• Keeping them rested, comfortable, and stress-free. Avoid over-stimulation and limit handling or contact with other pets during recovery periods.
  • Ensuring access to fresh water, tempting foods, and dog-safe, washable bedding. Make food and water bowls easily reachable if mobility is impaired.
  • Administering all medications carefully as prescribed. Never adjust dosages or skip/stop medications without your vet’s approval.
  • Gently clean soiled fur after vomiting, incontinence, or other episodes. Monitor appetite and bowel habits.
  • Using slings or mobility assist harnesses/carts for unsteady dogs needing help standing or navigating steps. Prevent falls and injuries.
  • Keeping emergency contact numbers handy (vet, poison control center, emergency clinic, etc.). Monitor closely for seizure activity, collapse, or choking.
  • Speaking encouragingly, providing tactile comfort, and using calming scents (lavender, chamomile). But avoid constant reassurance that maintains anxiety.
  • Urinating, defecating, and eating on schedule. Make a note of any changes in urine, stool, or food/water intake.
  • Reporting any adverse medication reactions like loss of appetite, lethargy, diarrhea, or skin irritation that could require a drug switch.

Caring, observant pet parents play a pivotal role in helping dogs recover from episodes of shakes and weird behaviors! Monitor changes and work closely with your vet for the best results.

See also: Why Does My Dog Peck Other Dogs?

Answering Common Questions about Dogs Shaking and Behaving Strangely

Pet owners understandably have lots of questions when their dog trembles and acts out of the ordinary. Here are answers to some frequently asked questions:

1: Why has my senior dog started shaking and getting confused?

A: Cognitive dysfunction syndrome, similar to Alzheimer’s in humans, can cause these signs in aging dogs. Veterinary guidance for management is important. Medication, dietary changes, structured routines, and brain work can help minimize the symptoms.

2: My dog shakes after grooming or bathing. What gives?

A: Shivering in wet dogs is normal as the coat takes time to completely dry and warm up. But excessive shaking or odd behavior warrants a veterinary visit to check for skin problems, ear infections or stress/anxiety related to grooming procedures.

3: Are muscle tremors serious? My dog’s back leg quivers sometimes.

A: Mild tremors from overexertion, stress, or excitement generally don’t require major concern. But persistent, worsening tremors or those involving multiple limbs, the head/neck, or the whole body need prompt veterinary attention to identify underlying medical causes.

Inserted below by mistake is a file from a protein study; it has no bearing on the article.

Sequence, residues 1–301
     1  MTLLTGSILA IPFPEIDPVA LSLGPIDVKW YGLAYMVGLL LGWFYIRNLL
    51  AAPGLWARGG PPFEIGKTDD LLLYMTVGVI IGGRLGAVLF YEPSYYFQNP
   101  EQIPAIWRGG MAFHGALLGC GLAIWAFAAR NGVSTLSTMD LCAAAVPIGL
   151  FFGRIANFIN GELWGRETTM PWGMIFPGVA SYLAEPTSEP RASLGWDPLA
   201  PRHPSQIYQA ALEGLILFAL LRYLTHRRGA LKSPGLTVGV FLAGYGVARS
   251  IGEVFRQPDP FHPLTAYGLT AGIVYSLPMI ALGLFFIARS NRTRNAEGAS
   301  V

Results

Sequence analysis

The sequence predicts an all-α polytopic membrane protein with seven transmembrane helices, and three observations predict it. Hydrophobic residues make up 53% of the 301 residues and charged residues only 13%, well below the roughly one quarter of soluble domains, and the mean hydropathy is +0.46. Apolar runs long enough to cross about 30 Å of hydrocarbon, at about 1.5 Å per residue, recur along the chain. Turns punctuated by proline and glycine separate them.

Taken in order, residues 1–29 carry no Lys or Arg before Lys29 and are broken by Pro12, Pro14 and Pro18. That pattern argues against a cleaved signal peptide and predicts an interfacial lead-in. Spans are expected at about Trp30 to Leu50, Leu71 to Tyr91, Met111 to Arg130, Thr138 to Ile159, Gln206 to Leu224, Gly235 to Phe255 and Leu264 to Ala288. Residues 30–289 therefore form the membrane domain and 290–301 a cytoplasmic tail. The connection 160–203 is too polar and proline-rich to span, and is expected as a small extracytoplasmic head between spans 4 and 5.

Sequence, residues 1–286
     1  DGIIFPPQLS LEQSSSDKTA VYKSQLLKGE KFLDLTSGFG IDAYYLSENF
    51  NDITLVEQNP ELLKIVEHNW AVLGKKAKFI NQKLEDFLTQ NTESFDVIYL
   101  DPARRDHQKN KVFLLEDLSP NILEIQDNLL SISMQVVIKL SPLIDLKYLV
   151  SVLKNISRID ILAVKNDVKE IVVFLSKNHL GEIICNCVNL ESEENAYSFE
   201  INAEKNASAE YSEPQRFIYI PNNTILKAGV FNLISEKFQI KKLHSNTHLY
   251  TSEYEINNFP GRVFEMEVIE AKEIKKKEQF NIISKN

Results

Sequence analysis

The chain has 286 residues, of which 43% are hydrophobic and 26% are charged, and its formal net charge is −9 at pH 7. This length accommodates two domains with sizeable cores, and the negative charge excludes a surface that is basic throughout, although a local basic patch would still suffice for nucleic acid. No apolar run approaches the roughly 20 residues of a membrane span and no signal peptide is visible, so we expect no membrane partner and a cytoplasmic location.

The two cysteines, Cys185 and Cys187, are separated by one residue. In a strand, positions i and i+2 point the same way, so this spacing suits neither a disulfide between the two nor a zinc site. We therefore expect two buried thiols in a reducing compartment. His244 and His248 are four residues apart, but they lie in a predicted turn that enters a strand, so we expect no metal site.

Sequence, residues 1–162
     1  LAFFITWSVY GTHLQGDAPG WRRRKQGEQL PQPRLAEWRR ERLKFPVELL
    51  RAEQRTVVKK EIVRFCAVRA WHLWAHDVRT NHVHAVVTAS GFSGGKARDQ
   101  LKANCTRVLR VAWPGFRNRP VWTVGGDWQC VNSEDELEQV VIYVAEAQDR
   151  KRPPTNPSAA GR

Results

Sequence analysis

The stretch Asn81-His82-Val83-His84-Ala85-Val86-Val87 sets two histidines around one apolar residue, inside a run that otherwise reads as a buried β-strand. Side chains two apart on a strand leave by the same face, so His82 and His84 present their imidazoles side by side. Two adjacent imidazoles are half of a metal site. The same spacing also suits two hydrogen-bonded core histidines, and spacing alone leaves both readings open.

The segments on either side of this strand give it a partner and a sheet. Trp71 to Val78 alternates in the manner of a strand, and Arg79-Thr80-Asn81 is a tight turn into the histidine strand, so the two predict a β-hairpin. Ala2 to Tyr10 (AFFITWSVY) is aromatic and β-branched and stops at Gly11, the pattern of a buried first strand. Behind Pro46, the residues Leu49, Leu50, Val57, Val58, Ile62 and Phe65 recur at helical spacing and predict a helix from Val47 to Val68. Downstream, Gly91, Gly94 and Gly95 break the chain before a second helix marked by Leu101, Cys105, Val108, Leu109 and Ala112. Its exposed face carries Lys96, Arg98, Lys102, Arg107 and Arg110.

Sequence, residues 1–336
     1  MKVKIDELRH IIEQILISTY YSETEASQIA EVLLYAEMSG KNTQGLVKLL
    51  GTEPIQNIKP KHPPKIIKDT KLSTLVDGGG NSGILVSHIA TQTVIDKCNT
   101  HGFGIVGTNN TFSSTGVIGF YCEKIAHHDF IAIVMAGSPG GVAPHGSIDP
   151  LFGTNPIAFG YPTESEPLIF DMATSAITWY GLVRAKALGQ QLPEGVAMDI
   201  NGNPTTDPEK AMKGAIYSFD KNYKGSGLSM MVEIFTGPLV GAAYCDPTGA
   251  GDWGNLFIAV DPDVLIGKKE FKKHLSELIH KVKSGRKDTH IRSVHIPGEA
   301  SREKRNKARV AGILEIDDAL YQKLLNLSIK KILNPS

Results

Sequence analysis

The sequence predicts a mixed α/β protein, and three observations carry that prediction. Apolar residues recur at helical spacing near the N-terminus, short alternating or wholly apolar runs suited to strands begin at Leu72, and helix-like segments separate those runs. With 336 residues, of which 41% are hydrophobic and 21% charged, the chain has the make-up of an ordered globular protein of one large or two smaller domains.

4: Could my dog’s diet cause weird behaviors?

A: Yes, poor nutrition can potentially contribute to odd behaviors. Deficiencies, low protein intake, excess carbs/sugars, food allergies, gastrointestinal issues, and other diet factors can influence behavior, energy levels, and neurological health. A veterinary nutritionist can advise an optimal diet.

5: Why does my dog only shake and act strange in the car?

A: Motion sickness, travel anxiety, or fear during car rides can prompt these signs. Medication, calming aids like dog-appeasing pheromone sprays, and desensitization training can help dogs overcome travel stress and phobias over time.

6: Are tremors in dogs fatal?

A: Tremors themselves are not typically life-threatening. Often the underlying condition causing tremors is the most serious, like toxin exposure, severe infections, cancer, or untreated metabolic diseases. Prompt veterinary treatment is key to managing any worrisome tremors.

The Takeaway: Stay Vigilant About Your Dog’s Shaking and Odd Behaviors

Is Fluffy acting strangely? Did Fido get the shakes? When your dog trembles, act erratically or exhibits behavior changes, it’s easy to worry. But try to stay calm and observant. Note all the details to share with your vet. While some causes are mild, others require rapid medical intervention. So don’t hesitate to call your veterinarian or an emergency animal hospital as needed.

With proper treatment guided by your vet, most dogs with tremors and weird behaviors can make a full recovery and return to their happy, energetic selves! Stay alert to any concerning symptoms in your dog. And keep up with wellness care to catch issues early before they become advanced or life-threatening. Here’s to healthy, thriving dogs and relieved pet parents!